By his second argument defendant contends the court erred in denying his motion to suppress on the ground probable cause did not exist to support issuance of the search warrant. He argues probable cause for issuance of the warrant was lacking because the magistrate had to rely in large part upon information provided by an unidentified third person whose reliability was not established.
    In State v. Arrington, 311 N.C. 633, 319 S.E.2d 254 (1984), North Carolina adopted the “totality of circumstances” standard indetermining the existence of probable cause when the application for the search warrant contains information provided by an informant:    
        “The task of the issuing magistrate is simply to make a practical, common sense decision whether, given all the circumstances set forth in the affidavit before him, including the 'veracity' and 'basis of knowledge' of persons supplying hearsay information, there is a fair probability that contraband or evidence of a crime will be found in a particular place.”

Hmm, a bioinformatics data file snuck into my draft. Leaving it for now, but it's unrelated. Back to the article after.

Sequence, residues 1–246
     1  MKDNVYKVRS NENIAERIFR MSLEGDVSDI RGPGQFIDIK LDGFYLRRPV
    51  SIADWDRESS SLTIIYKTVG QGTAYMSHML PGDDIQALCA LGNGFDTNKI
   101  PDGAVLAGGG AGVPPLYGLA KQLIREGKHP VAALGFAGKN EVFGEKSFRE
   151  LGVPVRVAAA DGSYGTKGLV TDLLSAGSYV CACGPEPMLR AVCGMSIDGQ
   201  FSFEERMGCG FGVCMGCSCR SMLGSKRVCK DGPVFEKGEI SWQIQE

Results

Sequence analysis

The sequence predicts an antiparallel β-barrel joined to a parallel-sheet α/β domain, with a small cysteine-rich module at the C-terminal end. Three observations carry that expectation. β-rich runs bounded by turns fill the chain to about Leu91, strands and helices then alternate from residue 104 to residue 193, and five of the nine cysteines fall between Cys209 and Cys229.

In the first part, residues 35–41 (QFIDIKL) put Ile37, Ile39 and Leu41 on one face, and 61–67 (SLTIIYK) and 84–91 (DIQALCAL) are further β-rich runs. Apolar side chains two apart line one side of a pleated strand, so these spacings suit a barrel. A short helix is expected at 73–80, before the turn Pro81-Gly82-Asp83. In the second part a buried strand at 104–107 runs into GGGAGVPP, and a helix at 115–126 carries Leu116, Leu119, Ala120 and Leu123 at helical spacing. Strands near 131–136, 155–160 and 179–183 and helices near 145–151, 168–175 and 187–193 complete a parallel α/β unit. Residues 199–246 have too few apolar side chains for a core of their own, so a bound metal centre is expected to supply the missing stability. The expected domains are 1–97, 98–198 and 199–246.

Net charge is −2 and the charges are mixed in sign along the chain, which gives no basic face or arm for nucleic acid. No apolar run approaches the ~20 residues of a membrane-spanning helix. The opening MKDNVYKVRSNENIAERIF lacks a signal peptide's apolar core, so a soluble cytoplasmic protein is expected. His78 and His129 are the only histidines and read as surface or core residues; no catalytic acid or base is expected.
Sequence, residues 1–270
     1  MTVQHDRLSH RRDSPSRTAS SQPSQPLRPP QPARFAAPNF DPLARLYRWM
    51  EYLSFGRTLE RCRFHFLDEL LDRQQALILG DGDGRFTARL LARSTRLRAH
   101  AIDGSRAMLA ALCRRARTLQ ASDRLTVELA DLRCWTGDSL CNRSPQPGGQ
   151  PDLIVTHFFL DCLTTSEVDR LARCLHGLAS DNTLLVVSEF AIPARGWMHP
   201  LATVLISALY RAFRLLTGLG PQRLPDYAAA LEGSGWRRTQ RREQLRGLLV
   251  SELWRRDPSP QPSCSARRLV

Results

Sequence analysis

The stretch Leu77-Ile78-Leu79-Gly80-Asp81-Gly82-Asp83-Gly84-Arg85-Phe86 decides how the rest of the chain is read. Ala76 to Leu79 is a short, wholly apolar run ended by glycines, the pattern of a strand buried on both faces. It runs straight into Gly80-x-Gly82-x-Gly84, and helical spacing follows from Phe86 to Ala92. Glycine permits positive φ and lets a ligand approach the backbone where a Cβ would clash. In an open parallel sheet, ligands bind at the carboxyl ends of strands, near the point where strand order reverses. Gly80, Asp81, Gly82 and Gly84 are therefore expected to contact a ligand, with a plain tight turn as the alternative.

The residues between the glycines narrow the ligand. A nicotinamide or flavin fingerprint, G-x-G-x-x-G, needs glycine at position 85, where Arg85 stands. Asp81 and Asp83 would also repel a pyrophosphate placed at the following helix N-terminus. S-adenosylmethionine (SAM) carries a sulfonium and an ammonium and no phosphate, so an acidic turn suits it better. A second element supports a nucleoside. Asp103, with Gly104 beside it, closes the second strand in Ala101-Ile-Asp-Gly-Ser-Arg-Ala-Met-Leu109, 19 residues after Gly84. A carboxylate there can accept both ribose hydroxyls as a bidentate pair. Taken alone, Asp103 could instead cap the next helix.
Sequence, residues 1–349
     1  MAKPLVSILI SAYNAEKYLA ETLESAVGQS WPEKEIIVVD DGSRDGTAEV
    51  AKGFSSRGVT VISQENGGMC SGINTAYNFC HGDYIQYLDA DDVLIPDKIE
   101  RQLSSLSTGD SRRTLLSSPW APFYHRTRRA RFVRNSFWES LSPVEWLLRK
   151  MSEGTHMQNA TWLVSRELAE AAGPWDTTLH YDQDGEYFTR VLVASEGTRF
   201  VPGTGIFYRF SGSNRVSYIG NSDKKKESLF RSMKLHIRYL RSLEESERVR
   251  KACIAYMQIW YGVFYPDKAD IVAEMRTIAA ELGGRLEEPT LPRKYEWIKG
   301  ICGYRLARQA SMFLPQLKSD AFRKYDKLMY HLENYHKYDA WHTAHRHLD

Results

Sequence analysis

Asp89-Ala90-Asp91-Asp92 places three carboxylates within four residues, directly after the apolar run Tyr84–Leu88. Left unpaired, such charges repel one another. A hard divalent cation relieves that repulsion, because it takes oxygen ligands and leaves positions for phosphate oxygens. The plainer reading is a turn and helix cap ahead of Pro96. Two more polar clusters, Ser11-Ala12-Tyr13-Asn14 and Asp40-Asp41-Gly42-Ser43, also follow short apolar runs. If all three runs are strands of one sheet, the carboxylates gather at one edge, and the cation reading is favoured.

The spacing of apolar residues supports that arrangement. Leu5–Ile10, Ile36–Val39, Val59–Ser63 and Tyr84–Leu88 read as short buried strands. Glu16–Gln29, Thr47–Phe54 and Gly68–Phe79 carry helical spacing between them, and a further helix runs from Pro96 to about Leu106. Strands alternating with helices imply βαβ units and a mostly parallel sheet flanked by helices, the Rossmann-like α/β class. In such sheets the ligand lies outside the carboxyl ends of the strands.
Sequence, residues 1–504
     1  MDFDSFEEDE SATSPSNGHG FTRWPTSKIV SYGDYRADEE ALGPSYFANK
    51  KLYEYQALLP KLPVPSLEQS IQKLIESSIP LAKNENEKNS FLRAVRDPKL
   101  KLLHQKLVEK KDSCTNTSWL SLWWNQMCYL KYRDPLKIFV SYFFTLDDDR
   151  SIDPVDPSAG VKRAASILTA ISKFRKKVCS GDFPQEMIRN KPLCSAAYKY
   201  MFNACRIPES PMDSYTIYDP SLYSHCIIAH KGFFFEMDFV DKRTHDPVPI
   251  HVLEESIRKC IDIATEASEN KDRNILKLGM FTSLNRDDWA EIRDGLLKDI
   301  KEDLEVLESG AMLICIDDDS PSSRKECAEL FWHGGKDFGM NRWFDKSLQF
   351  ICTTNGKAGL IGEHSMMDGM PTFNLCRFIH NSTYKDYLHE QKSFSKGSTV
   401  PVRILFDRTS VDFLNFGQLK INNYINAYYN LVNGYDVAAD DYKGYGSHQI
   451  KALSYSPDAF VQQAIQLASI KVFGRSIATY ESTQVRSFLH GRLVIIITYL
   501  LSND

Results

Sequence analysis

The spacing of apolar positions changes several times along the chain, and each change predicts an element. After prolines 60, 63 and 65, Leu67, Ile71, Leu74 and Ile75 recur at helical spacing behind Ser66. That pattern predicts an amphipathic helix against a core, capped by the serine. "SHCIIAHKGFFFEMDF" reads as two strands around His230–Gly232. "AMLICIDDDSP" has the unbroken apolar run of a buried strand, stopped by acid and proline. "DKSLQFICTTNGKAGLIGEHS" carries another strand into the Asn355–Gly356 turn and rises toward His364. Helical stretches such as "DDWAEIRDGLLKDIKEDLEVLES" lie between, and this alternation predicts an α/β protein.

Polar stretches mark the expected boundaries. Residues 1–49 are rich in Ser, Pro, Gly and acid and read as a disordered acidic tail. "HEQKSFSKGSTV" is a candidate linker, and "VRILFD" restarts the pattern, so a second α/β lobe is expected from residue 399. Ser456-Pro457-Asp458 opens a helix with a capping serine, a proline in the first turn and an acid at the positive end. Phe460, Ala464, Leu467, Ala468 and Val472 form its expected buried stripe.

Id. at 638, 319 S.E.2d at 257-58 (citation omitted). Determining whether there is probable cause requires “nontechnical, common- sense judgments of laymen applying a standard less demanding than those used in more formal legal proceedings.” Illinois v. Gates, 462 U.S. 213, 235-36, 76 L. Ed. 2d 527, 546 (1983). In reviewing the issuance of a search warrant, the court determines “whether there is substantial evidence in the record supporting the magistrate's decision to issue the warrant.” Massachusetts v. Upton, 466 U.S. 727, 728, 80 L. Ed. 2d 721, 724 (1984). The court is to give great deference to the magistrate's determination. State v. Greene, 324 N.C. 1, 9, 376 S.E.2d 430, 436 (1989), overruled on other grounds, 494 U.S. 1022, 108 L. Ed. 2d 603 (1990).